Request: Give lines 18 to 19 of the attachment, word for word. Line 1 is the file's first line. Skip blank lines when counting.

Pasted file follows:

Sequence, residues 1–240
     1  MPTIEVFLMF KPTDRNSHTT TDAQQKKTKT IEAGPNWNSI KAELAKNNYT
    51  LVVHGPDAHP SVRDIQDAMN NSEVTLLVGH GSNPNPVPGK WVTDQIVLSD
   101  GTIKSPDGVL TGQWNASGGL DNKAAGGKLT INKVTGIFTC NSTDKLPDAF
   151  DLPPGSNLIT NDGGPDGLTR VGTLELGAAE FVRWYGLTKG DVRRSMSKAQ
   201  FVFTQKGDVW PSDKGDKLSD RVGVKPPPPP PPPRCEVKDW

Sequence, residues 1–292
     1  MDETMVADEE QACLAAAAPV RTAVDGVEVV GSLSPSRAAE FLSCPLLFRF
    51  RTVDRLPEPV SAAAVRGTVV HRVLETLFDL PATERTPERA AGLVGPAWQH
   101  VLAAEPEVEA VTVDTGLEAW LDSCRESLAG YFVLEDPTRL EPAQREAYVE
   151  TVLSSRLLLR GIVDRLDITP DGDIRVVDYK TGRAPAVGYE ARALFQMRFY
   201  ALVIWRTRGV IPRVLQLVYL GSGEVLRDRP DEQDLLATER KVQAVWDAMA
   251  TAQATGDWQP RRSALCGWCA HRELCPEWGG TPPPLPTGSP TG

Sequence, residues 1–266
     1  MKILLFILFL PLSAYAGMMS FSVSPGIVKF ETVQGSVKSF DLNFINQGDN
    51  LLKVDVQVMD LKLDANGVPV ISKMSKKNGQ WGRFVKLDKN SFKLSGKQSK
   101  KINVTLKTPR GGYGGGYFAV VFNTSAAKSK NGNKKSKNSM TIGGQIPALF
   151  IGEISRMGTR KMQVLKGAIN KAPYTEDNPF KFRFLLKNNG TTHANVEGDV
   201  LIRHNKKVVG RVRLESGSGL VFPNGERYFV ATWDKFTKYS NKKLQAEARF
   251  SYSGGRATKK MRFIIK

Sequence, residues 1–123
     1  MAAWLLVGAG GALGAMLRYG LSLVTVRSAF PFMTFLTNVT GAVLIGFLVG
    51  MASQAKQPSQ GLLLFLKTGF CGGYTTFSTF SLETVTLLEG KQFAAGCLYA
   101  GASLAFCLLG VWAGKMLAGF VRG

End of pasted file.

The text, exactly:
   151  IGEISRMGTR KMQVLKGAIN KAPYTEDNPF KFRFLLKNNG TTHANVEGDV
   201  LIRHNKKVVG RVRLESGSGL VFPNGERYFV ATWDKFTKYS NKKLQAEARF